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Gökçeada, an ancient Greek island at the end of Dardanelles

on 05/12/2012
Gökçeada

Gökçeada

           Gökçeada is the largest island in Turkey at 111 square miles  and is located at the end of Dardanelles, the strait connecting Sea of Marmara to the Aegean Sea.

When it belonged to Greece the former name was Imroz , derived from Imbrasos, the Greek god of fertility. Poseidon, god of the sea, has chosen to live on this island in a palace he had built for his wife Amphritite.

Gökçeada

House in Gökçeada

It is archeologically proven  that in 2000 BC, Imroz was already inhabited.

After being conquered by the Roman Empire in 193, Gökçeada is incorporated into the Ottoman Empire by Mehmet II the Conqueror in 1456. The Treaty of Lausanne signed in July 1923 states that this island and Bozcaada, her neighbor, are integrated back to Turkish territory.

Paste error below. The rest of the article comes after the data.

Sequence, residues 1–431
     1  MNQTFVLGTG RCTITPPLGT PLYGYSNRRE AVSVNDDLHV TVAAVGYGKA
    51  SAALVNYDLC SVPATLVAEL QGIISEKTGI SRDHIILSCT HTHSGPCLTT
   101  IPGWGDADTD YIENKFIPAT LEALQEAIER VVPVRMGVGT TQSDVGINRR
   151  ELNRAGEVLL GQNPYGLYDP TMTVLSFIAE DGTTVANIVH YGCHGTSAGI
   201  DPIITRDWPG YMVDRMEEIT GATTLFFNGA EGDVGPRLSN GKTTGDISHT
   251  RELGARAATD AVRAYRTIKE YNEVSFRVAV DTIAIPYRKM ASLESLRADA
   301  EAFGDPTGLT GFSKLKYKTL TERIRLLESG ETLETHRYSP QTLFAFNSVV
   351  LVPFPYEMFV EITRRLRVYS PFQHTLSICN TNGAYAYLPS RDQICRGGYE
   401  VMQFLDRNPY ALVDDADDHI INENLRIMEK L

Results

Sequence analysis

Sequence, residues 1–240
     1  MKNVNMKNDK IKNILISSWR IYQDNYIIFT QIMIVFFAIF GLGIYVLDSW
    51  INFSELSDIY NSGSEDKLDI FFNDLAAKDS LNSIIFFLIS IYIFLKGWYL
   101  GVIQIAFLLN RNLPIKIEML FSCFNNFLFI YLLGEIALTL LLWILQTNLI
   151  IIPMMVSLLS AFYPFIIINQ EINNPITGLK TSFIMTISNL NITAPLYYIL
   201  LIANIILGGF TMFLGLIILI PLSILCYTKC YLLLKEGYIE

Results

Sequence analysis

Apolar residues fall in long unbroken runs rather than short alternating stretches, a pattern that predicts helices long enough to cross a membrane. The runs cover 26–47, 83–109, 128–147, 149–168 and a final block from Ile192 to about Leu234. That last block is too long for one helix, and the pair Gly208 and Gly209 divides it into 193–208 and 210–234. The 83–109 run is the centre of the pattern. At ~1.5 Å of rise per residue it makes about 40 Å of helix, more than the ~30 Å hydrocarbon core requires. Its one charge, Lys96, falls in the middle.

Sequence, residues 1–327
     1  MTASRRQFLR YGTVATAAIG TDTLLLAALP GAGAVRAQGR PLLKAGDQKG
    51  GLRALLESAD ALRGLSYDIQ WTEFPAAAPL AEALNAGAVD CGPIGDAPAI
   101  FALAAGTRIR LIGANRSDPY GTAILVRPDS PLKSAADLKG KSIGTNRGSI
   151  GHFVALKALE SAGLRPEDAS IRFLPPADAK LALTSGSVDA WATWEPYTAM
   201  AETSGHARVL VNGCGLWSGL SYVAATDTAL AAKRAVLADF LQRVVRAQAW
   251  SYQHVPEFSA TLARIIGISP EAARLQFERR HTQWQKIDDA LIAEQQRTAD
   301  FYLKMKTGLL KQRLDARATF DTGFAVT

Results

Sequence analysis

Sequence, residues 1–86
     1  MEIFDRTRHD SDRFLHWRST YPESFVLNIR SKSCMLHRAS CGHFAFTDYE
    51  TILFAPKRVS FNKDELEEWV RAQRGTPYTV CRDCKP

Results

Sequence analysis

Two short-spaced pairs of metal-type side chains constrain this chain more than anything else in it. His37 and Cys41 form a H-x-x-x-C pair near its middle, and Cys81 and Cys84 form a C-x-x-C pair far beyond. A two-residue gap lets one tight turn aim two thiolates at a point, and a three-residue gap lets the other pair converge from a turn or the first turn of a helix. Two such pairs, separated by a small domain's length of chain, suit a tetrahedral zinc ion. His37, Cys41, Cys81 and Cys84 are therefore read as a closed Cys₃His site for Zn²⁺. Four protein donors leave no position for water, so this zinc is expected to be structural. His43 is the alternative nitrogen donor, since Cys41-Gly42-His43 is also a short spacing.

Cyprus events cause the flight of most Greeks living there and the Orthodox population decreased from about 5500 in the 1960s to 492 today.

The various villages have kept the scars of this difficult period. Houses are abandoned and a very strange ghostly vision gives the impression that there is still life there.

The center of the island gravitates to Panaghia which includes about 7,000 people. It is a place of passage to reach up to 10 other villages, in which five were home to the Greek community and the other five were founded  by the Turkish state between 1973 and 1984.

The vegetation is abundant, as is the production of fruits and vegetables in the countless gardens as well as production of olive oil, pine and thyme infused honey. Residents also produce a nice local wine.

Goats and sheep, horses and mules are also part of the landscape.

Gökçeada is definitely a place where peace and authenticity lovers will find their happiness. There are numerous  family pensions offering a warm welcome like everywhere in Turkey.


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